Breast Reconstruction Following Breast Implant-Associated Anaplastic Large Cell Lymphoma

Gregory A Lamaris, Charles E Butler, Anand K Deva, Roberto N Miranda, Kelly K Hunt, Tony Connell, Joan E Lipa, Mark W Clemens
Plastic and Reconstructive Surgery 2019, 143 (3S A Review of Breast Implant-Associated Anaplastic Large Cell Lymphoma): 51S-58S

BACKGROUND: Standard of care treatment of breast implant-associated anaplastic large cell lymphoma (BIA-ALCL) involves surgical resection with implant removal and complete capsulectomy. We report a case series of BIA-ALCL reconstruction with proposals for timing and technique selection.

METHODS: We retrospectively reviewed and prospectively enrolled all BIA-ALCL patients at 2 tertiary care centers and 1 private plastic surgery practice from 1998 to 2017. Demographics, treatment, reconstruction, pathology staging, patient satisfaction, and oncologic outcomes were reviewed.

RESULTS: We treated 66 consecutive BIA-ALCL patients and 18 (27%) received reconstruction. Seven patients (39%) received immediate reconstruction, and 11 (61%) received delayed reconstruction. Disease stage at presentation was IA (T1N0M0 disease confined to effusion or a layer on luminal side of capsule with no lymph node involvement and no distant spread) in 56%, IB in 17%, IC (T3N0M0 cell aggregates or sheets infiltrating the capsule, no lymph node involvement and no distant spread) in 6%, IIA (T4N0M0 lymphoma infiltrating beyond the capsule, no lymph node involvement and no distant spread) in 11%, and III in 11%. Types of reconstruction included smooth implants (72%), immediate mastopexy (11%), autologous flaps (11%), and fat grafting (6%). Outcomes included no surgical complications, but 1 patient progressed to widespread bone metastasis (6%); ultimately, all patients achieved complete remission. Ninety-four percent were satisfied/highly satisfied with reconstructions, whereas 6% were highly unsatisfied with immediate smooth implants.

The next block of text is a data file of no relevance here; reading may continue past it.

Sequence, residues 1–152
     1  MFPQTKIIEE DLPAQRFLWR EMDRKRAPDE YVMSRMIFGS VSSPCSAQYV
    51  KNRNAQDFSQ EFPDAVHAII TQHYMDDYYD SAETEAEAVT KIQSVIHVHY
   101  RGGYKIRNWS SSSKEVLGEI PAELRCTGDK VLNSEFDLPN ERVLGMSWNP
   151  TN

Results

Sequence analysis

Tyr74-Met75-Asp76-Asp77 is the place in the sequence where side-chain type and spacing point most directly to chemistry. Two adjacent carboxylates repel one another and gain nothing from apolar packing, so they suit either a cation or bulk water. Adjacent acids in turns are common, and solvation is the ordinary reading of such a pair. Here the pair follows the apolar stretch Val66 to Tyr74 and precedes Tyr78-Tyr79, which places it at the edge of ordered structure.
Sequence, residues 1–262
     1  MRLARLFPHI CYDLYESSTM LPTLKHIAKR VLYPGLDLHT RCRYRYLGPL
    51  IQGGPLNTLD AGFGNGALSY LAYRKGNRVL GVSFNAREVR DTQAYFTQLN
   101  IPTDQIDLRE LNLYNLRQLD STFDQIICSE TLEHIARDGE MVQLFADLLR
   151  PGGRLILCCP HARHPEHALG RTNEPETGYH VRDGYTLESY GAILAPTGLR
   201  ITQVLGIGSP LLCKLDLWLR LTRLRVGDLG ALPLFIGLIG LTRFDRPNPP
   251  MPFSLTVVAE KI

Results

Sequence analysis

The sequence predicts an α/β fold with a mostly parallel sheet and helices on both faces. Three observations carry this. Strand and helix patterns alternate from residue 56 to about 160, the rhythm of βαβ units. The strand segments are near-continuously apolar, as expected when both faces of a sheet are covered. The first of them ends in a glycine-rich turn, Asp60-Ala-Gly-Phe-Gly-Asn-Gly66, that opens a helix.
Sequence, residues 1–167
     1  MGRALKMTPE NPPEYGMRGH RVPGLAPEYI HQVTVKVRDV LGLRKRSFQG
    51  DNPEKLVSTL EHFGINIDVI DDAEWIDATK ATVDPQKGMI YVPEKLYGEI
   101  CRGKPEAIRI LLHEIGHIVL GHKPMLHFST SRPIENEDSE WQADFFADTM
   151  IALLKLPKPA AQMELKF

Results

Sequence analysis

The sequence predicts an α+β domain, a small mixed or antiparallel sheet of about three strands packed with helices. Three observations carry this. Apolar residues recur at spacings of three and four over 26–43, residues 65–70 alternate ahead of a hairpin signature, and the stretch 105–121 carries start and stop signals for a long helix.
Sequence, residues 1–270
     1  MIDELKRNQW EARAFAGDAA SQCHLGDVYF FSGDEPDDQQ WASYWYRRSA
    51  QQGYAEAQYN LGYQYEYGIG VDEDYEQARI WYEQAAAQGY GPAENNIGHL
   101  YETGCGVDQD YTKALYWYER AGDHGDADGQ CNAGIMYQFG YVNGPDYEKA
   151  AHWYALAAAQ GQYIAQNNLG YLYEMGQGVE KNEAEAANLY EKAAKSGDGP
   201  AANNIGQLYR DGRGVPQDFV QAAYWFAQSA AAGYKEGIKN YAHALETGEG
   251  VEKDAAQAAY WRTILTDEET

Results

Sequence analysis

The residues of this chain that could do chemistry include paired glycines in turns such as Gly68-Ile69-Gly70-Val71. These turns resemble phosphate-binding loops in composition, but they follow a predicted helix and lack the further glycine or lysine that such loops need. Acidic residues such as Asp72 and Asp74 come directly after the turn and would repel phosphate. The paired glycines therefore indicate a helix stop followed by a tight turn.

CONCLUSIONS: Breast reconstruction following BIA-ALCL management can be performed with acceptable complications if complete surgical ablation is possible. Immediate reconstruction is reserved for disease confined to capsule on preoperative positive emission tomography/computed tomography scan. Genetic predisposition and bilateral cases suggest that BIA-ALCL patients should not receive textured implants. Autologous options are preferable for implant adverse BIA-ALCL patients. Patients with extensive disease at presentation should be considered for 6- to 12-month delayed reconstruction with interval positive emission tomography/computed tomography evaluation.

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